Earlier this year, leadership of the Fulton County Republican Party passed from Sandra Barber, 26-year party central committee chairman, to Ronald J. Lumbrezer.
Barber said she’ll still work with campaigns from time and offer political advice to those who ask for it.
But she said she’s reached a point in her life where she wants to do a little traveling with her husband, and enjoy their good health.
“It’s time to turn it over to a new generation. R.J. has a good political head on his shoulders, and his political philosophy fits with the Republican party,” she said.
Started In 1982
Barber said she became interested in politics in school.
“I love history and government. As I became more acquainted with the political parties, my personal philosophy was more in line with the Republican party,” she said.
While in school, she attended Buckeye Girl’s State, an awayfrom home program that teaches government and the political system.
She became head of the county GOP in 1982.
Barber said she knew four years ago that she wanted to retire. After this year’s March primary, she officially stepped down.
Some high points of her political experiences revolved around Ronald Reagan.
“I was a great supporter of Ronald Reagan. I supported him when he first ran (for president).
“I’m an admirer of his political philosophy. He was a wonderful communicator.
“During the 1984 convention, I was able to meet him, and met him several times during the campaign.
“I’ve had the opportunity to meet so many wonderful people- presidents, vice presidents, people who hold high elected offi ce. It’s been a real experience, and a good education as well,” she said.
The low points?
She said the Watergate era (in the early 1970s) was a diffi cult time.
“It was a tough time, but the party regrouped,” she said.
“In the last (gubernatorial) election (in 2006), there was the problem with ‘Coingate.’
“That was not pleasant,” she said.
Barber commented on the lack of civility in today’s political scene. Attacks by one party on another are more personal, and there are fewer and fewer compromises.
Barber said one time, she asked Thomas “Tip” O’Neill, former Democratic speaker of the House of Representatives, about Delbert Latta, former Republican congressman from northwest Ohio.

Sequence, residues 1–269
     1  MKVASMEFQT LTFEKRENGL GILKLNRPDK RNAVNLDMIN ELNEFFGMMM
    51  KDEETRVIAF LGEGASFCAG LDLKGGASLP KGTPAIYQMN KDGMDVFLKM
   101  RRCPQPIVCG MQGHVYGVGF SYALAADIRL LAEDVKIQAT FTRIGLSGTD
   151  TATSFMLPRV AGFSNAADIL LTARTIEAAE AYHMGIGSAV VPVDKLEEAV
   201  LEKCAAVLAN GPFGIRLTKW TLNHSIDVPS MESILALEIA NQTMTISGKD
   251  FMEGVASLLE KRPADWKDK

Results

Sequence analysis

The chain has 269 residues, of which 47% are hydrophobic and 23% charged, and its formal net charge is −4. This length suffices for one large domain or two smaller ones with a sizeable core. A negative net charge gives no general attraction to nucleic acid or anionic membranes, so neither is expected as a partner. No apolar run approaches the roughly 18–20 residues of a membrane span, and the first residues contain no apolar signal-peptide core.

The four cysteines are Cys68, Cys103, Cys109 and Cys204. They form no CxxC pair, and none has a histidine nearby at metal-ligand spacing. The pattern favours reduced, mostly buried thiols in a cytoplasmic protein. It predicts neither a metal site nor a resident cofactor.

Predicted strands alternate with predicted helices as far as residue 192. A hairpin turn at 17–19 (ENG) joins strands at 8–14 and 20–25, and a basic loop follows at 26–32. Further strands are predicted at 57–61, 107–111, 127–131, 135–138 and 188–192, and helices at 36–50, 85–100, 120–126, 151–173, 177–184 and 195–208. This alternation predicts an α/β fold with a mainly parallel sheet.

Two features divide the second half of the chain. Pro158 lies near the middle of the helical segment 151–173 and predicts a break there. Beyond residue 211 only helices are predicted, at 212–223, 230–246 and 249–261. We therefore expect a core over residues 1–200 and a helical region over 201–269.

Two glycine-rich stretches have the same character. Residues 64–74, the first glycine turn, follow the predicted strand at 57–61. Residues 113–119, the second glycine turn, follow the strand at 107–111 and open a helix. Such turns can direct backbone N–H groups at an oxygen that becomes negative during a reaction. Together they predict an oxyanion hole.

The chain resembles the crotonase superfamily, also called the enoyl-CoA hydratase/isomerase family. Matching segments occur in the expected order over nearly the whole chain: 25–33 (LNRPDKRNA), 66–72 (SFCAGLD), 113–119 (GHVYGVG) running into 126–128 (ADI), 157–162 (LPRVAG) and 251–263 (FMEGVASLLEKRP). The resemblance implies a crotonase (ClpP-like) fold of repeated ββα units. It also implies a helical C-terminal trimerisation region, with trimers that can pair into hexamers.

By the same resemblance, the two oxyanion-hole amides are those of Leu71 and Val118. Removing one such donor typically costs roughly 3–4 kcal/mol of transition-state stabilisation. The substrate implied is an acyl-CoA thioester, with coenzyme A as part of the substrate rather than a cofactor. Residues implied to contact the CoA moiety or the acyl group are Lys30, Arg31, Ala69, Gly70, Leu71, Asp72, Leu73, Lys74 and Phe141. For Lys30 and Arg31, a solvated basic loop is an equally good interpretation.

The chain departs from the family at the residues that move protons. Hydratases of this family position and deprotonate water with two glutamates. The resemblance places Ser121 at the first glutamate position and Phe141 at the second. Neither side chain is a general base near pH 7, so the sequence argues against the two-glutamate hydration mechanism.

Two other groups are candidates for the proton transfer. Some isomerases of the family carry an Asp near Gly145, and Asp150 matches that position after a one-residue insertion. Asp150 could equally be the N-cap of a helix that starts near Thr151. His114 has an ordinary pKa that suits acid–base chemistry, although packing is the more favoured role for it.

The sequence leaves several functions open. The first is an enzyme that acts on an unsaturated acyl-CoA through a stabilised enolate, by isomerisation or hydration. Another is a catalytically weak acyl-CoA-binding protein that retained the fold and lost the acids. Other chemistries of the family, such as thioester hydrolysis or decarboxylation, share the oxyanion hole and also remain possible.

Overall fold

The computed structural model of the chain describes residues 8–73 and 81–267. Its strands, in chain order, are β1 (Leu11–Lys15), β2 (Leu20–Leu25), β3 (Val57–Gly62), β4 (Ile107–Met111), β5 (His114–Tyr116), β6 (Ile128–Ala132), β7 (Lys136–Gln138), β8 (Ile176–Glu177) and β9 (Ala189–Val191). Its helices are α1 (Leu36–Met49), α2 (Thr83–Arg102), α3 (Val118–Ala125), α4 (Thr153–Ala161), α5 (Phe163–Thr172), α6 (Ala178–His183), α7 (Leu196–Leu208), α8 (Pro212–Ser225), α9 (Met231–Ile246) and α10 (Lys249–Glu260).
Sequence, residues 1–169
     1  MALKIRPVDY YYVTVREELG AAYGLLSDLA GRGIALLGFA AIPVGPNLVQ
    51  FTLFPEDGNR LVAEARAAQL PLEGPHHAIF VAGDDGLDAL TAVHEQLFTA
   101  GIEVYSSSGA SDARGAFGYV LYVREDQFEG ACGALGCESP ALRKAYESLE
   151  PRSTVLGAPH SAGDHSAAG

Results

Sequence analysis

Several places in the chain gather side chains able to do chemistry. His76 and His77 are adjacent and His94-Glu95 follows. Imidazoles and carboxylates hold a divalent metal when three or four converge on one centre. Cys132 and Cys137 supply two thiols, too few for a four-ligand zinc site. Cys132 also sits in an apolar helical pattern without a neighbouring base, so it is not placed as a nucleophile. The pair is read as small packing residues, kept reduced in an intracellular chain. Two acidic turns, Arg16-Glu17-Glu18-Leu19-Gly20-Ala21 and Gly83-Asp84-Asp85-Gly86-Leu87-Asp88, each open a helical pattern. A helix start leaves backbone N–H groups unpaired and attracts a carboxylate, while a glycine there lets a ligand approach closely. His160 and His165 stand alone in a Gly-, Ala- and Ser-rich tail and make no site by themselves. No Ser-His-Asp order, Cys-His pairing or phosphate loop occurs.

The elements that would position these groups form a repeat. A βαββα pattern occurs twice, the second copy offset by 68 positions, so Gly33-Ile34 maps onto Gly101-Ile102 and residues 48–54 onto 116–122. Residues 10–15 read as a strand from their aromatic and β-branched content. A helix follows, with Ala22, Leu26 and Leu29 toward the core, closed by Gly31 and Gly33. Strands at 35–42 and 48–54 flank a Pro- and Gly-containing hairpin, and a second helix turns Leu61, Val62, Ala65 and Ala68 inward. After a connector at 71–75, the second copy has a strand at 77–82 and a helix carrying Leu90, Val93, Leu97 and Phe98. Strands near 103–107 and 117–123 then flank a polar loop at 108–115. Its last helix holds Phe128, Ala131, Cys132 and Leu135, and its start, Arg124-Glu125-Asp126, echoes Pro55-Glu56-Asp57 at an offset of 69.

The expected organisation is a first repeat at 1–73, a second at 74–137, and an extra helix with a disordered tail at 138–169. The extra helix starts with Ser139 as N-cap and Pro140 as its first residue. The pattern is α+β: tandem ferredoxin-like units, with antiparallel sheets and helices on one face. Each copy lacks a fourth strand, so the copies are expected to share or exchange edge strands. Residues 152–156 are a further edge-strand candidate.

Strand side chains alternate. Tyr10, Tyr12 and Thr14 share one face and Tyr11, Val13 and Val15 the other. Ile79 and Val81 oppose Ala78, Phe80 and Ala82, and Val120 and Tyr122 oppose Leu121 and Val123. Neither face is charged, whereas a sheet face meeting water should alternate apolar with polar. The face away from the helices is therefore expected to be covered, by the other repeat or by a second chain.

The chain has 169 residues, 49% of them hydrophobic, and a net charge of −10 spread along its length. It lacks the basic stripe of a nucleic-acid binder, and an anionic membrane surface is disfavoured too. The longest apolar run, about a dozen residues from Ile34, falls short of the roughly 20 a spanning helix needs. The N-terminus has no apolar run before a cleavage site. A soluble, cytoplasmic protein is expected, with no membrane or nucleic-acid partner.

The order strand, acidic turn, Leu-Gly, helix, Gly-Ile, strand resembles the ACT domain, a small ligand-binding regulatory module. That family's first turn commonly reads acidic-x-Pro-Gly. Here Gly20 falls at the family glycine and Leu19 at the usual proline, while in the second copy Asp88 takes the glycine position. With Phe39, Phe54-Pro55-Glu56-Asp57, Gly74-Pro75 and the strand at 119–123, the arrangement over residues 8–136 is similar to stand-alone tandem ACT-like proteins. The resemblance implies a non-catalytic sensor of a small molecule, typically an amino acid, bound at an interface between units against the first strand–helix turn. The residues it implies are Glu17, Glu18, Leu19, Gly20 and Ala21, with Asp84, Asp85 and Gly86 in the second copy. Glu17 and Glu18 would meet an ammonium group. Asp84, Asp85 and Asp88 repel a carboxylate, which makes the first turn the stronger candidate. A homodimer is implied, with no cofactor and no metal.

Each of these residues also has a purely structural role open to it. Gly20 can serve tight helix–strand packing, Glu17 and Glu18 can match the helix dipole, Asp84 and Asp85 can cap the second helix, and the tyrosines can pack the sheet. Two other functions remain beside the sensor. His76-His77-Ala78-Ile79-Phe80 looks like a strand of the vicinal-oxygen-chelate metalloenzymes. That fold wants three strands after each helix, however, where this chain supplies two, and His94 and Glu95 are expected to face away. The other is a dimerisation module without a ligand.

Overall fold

She said O’Neill was a well- known liberal, while Latta was a strong conservative.
Yet O’Neill told her he and Latta would work together on legislation, and Latta’s word was as good as gold.
Despite the fact the two were philosophically at opposite ends of the spectrum, the two had great respect for one another, and enjoyed each other’s company.
Lumbrezer said he has been a member of the Fulton County Republican Central Committee since 2000, when he took his father in-law’s spot.
“I believe in, and support, strong leadership. Conservative leadership.
“I want to be involved.”
He said the county GOP’s first responsibility “is to help get Dean Genter reelected” to the post of Fulton County commissioner.
“He’s made a lot of tough decisions. He’s a good fiscal conservative,” Lumbrezer said.
He is also looking forward to a redesign of the Fulton County Republican Party website, with a possible electronic newsletter.
Lumbrezer said he’s excited about the central committee, which has many new conservative members.
The group will support lower taxes, business, pro-life issues, and the second amendment.
Lumbrezer is also a Royalton Township Trustee, a post he has held for seven years.
He is also a member of the Ohio Township Association State Board.